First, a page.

The 28th big-screen film in the ongoing interconnected Marvel-verse, and the 34th title released overall, “Doctor Strange in the Multiverse of Madness” sounds like a 1950s science fiction movie — a self-aware cult favorite. Unfortunately, since the arrogant and pompous title character doesn’t do well in stand-alones, Marvel has made this a “crossover movie” involving other major characters. Also unfortunately, and unlike the team theme of “The Avengers” films, this is more an intersection of several storylines than a cooperative effort.
“Doctor Strange in the Multiverse of Madness” sounds like a 1950s science fiction movie — a self-aware cult favorite.
What it is, in order, is a direct sequel to Disney+ “WandaVision” series, a continuation of the multiverse introduced in “Loki,” a complement to the alternate takes on characters introduced in “What If…,” and allegedly a follow-up to “Spider-Man: No Way Home,” with cameos tying together the last two decades of disparate Marvel films into a single narrative. It’s also an origin story for a brand new out-and-proud LGBTQ+ teenage Latinx superhero, America Chavez.
Oh, and it’s a zombie movie.
In fact, to call it a superhero movie at all would be a misnomer. It is a horror film that happens to star superhero characters. There is no saving the world, there’s barely any superpowers. Other than Chavez, it’s all witchcraft and wizardry, minus Hogwarts.
Understandably, this does not always work. The film’s early going is especially strained; you want the characters (and director) to just take a breath. Let those emotional moments hit! But the show must go on — and quickly — to avoid what could easily have been a 3.5-hour runtime.
The pandemic also takes its toll, though in more subtle ways. In the original pre-2020 release plan, the film would have hit theaters less than a week after the “WandaVision” finale aired, and her story suffers from this extended and unplanned separation. Also, as originally conceived, this would have been the lead-in to “Loki” and “What If…” building up to “Spider-Man: No Way Home.” Despite added dialogue reflecting the changes, there were times when reversing the release order weakened the overall end product, leaving it burdened with extra narratives.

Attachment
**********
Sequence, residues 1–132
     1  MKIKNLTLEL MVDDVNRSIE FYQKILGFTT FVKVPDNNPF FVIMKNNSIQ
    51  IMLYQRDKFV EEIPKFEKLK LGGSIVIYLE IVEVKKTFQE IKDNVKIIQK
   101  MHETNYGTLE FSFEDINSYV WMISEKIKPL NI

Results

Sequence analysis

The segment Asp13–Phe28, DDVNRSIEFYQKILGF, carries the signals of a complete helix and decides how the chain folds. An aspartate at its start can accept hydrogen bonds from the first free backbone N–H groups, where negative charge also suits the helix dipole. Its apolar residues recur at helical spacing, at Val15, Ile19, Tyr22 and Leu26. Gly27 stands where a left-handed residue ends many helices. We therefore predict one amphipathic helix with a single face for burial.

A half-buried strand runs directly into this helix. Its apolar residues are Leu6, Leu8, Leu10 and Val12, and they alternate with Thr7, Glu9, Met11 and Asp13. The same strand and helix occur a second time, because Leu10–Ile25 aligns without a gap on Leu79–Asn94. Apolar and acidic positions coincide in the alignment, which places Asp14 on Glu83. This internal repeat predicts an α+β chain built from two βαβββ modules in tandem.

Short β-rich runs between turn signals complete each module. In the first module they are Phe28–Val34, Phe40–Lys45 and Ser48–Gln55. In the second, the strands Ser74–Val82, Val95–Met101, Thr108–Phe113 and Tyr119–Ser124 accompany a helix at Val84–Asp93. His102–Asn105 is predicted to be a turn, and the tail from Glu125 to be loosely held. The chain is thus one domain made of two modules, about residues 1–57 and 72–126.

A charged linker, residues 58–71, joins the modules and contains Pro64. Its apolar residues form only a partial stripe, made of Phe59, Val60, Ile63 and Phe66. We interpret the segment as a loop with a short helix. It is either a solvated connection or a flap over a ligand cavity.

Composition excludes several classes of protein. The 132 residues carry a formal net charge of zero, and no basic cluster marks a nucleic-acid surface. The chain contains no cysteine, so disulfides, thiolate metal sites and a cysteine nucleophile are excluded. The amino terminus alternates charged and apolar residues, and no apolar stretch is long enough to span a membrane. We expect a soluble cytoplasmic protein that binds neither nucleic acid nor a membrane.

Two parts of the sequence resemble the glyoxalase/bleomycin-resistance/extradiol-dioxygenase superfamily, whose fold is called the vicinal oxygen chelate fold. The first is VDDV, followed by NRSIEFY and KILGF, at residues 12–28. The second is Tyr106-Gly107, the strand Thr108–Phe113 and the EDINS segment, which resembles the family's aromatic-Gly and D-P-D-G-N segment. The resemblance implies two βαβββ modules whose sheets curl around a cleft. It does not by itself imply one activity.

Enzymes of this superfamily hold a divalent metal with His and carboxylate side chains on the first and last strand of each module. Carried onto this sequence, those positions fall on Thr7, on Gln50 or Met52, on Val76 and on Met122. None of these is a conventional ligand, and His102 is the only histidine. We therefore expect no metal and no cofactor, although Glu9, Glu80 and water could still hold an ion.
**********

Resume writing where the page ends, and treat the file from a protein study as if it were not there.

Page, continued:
And yet, the film is utterly entertaining. Despite the pell-mell pacing of the first hour, once the film settles down into the zombie movie it wants to be, things start to click. Parents should be warned — this is the scariest and bloodiest Marvel film to date. (Marvel’s films are noticeably bloodless, considering the sheer amount of CGI fighting that usually takes place in the third act.) There are genuine jump scares, an actual sense that the bad guys might take this one, several fan favorites die in variously creative ways, and director Sam Raimi even found a way to fit his muse, Bruce Campbell, into the proceedings. It’s not quite “Marvel’s Evil Dead,” but it’s as close as it can get.
Like it or hate it — the Marvel Cinematic Universe remains the force to be reckoned with in Hollywood.
This also means that like it or hate it — the Marvel Cinematic Universe remains the force to be reckoned with in Hollywood. The pre-sales for tickets this weekend were massive; estimates suggest the film alone could bring in $150-$200 million domestically over opening weekend. That’s a sales number the domestic box office has barely been able to hit with all releases combined this year, and one that will dwarf even other superhero hits like “The Batman.” It will be the first time a film in this pandemic hit box office managed to get close to that number since the last bright spot for theaters, Marvel’s previous release, “Spider-Man: No Way Home.”
Indeed, since theaters reopened en masse in 2021, there’s been one common factor in every box office swell — a Marvel film release. The company’s ability to defeat the pandemic box office blues has been remarkable. Like it or not, the MCU has invented a playbook for success in a badly fractured entertainment industry where the flood of content has overwhelmed the consumer. This is a brand people now trust to entertain them no matter who the film stars, what characters it features, or what genre it actually is.
That ability to be entertaining even when the film doesn’t manage to fire on all cylinders is part of the Marvel brand identity. This is the Maytag of movie-going.
Once upon a time, critics stared at the Marvel wave of popularity and wondered when this superhero bubble would burst. But that perspective fails to understand what Marvel has actually built. This “Dr. Strange” epic is one of the best examples yet of how the empire Kevin Feige created manages to keep succeeding over and over and over again. Perhaps its rivals should take notes.